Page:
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SOUTHLAND WILDFIRES: COPING WITH THE THREAT

Taking care of horses in path of blaze

Lessons learned in previous fires helped many animal evacuations go smoothly. Others were more chaotic.

October 14, 2008|Ann M. Simmons and Gale Holland | Times Staff Writers

Claudia Cahill returned home from Switzerland on Sunday, switched on the television and learned that the Marek wildfire was bearing down on the Lake View Terrace horse ranch that stabled her beloved Doonesbury.

"I was worried. She's my kid!" the retired computer industry worker said of her 23-year-old Dutch warmblood.

In evacuations that went like clockwork in some fire-threatened areas and a proceeded a bit more chaotically in others, Los Angeles County animal control officials, veterinary volunteers and stable owners moved hundreds of horses to safety over the last two days -- even those animals whose owners, like Cahill, were too far away to come to the rescue.

Trainers at North Middle Ranch brought Doonesbury and 29 other boarders to the Hansen Dam Equestrian Center, where every stall, portable show box and spot along the fence rails was filled with four-legged evacuees. Cahill was able to pay a reassuring visit to Doonesbury on Monday afternoon, although some of the temporary boarders were already moving on to less crowded shelters.

"We've been able to use some other facilities. Ours is full now," said Sterling Champ, the new owner of Hansen Dam. He and former owner Eddie Milligan had well over 300 horses in their care at the height of the evacuations. Champ praised the county's speed and thoroughness in dispatching trailers and animal-control specialists to collect threatened animals, attributing smooth work to the experience gained from previous wildfires.

In an exodus from the fast-moving Porter Ranch fire Monday, the rescue was more ad hoc. About a dozen horses were led along Chatsworth Street that afternoon in search of a safe place to shelter. Although a little jittery, the horses mostly remained calm, their owners said.

Tracy Acevedo, 36, of Van Nuys led her palomino to Cattani Stables. She had gone to Tres Palmas Ranch, below Stoney Point, to show her horse, but was forced to flee.

"There's flames everywhere," she said.

Cindy Todd, who evacuated two horses, had been trying to help other equestrians find shelter for their horses once Cattani filled up.

She directed Acevedo to an outdoor arena that had room for eight more.

Volunteers wearing paper masks fanned out looking for other horses trapped in barns and stables in the area cut off from concerned owners by roadblocks and massive traffic snarls created by freeway closures. One person said 100 to 150 horses had been turned loose in Brown's Canyon as the flames neared because they could not be evacuated in time.

Domestic pets and farm animals were welcomed at Pierce College in Woodland Hills, the Los Angeles Police Department said.

A holding area for household pets also was set up at the San Fernando High School evacuation center, where the majority who fled the Marek fire took shelter.

County animal shelters also filled up as families fled with dogs, cats, birds, snakes and hamsters. At Chatsworth High School, one couple clutched 2-month-old Doberman pinscher puppies as they awaited word on the path of the blaze above Topanga Canyon Boulevard.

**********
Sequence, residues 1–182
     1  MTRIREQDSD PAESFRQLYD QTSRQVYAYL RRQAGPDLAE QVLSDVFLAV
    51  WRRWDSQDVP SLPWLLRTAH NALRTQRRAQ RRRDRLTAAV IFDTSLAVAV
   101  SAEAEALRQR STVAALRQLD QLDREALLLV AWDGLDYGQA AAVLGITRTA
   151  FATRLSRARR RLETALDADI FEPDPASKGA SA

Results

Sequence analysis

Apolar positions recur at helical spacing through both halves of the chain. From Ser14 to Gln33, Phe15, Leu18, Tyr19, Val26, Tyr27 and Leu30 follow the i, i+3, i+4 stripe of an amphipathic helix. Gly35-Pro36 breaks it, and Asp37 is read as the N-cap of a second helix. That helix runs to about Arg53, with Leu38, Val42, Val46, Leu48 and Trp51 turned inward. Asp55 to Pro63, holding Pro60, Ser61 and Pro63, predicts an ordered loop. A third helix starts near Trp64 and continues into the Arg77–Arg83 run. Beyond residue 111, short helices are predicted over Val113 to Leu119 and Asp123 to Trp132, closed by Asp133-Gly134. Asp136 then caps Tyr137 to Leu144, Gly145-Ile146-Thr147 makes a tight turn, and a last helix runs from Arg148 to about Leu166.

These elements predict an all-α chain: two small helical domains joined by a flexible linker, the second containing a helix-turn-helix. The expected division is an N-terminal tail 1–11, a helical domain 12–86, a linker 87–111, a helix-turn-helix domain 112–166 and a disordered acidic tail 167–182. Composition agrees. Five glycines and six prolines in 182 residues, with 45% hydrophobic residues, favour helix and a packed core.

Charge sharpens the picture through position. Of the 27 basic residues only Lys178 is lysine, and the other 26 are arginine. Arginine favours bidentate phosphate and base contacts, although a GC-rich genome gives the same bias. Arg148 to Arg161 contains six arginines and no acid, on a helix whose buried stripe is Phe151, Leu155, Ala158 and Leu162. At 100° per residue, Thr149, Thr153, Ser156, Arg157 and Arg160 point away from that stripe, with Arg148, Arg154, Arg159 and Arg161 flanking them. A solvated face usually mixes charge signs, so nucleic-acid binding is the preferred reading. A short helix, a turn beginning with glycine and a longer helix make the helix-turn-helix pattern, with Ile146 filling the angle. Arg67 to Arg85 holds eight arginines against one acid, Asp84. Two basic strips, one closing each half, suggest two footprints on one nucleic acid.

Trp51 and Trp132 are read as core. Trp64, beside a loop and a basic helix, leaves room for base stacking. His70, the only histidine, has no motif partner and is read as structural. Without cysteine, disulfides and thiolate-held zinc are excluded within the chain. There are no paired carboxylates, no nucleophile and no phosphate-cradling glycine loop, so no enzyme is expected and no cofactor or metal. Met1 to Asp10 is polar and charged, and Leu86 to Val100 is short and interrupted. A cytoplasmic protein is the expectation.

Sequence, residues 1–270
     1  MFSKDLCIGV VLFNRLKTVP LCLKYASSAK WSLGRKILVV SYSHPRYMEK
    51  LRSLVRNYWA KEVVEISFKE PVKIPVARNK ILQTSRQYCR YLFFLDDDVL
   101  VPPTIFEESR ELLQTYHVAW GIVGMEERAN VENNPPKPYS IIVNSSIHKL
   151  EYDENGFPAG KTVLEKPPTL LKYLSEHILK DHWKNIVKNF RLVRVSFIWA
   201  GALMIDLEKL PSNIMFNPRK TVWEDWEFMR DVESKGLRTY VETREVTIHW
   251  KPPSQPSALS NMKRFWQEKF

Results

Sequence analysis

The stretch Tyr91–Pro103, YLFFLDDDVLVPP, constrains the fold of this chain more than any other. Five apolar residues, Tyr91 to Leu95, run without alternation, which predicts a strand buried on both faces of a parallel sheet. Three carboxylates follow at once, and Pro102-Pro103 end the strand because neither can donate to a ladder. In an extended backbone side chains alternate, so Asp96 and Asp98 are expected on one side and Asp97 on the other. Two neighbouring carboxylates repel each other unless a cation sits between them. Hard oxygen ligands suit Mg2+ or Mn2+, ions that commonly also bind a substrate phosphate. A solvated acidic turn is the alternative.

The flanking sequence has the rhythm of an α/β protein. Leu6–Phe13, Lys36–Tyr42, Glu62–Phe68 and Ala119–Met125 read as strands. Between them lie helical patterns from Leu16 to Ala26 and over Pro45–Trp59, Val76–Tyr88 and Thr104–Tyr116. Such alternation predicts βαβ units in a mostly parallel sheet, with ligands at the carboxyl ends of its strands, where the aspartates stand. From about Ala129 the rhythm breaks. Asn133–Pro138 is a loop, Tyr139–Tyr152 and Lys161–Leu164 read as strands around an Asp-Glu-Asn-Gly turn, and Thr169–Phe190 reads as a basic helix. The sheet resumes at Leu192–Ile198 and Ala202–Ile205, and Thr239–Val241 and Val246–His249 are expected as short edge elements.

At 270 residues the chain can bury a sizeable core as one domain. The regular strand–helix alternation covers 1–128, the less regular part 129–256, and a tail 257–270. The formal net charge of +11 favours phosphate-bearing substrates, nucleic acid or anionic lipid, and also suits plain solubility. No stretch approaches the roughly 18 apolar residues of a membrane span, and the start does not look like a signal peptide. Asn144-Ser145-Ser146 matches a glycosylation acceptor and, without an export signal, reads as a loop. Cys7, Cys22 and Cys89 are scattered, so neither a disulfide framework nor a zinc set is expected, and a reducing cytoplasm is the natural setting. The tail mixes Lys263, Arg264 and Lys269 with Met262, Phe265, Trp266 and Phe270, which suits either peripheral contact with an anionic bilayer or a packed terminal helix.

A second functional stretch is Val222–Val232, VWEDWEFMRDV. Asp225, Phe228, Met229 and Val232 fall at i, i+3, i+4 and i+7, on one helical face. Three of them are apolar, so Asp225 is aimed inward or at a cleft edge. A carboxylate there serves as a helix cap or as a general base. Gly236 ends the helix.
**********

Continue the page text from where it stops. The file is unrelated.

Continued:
The fires were also feared to pose a threat to California condor nests on the canyon crags, said Angeles National Forest spokesman Stanton Florea. The condor, beneficiary of the most expensive species rescue ever undertaken, remains one of the world's rarest bird species.

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ann.simmons@latimes.com

gale.holland@latimes.com

Times staff writers Carol J. Williams, Rong-Gong Lin II and Francisco Vara-Orta contributed to this report.

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(BEGIN TEXT OF INFOBOX)

In the air we share

Wildfire doesn't just burn homes, it spreads dangerous air pollution far and wide, potentially harming people who live miles away from the blaze.

Although precise measurements are hard to determine, the South Coast Air Quality Management District issued a warning Monday that air in the San Fernando Valley and portions of the San Gabriel Mountains may reach unhealthy levels.

The agency advised that with strong Santa Ana winds, fine particulates and dust, which aggravate asthma and other conditions, could reach as far as the San Bernardino Valley, southwest Riverside County, Orange County, the South Bay-Long Beach area and the Santa Monica-Malibu area.

The AQMD said that in areas affected by smoke or windblown dust, "everyone should avoid any vigorous outdoor or indoor exertion; people with respiratory or heart disease, the elderly and children, should remain indoors."

Affected residents should keep windows and doors closed unless it is extremely hot. If it is, seek alternate shelter. Run your air conditioners, but keep the fresh air intake closed, the agency advised.

Check for advisories at www.aqmd.gov or call (800) 288-7664.

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On latimes.com

More coverage

More on the Southern California brush fires is available on latimes.com, including:

* A comprehensive list of closed roads, freeways, schools and neighborhoods.

* Updates on the fires in Orange, San Bernardino and Ventura counties.

* A dispatch from Porter Ranch, where residents decided to take a stand.

* A dispatch from Lake View Terrace, where nervous residents awaited word on their homes.

* Photo galleries, video, interactive graphics and maps and more.

latimes.com/california.

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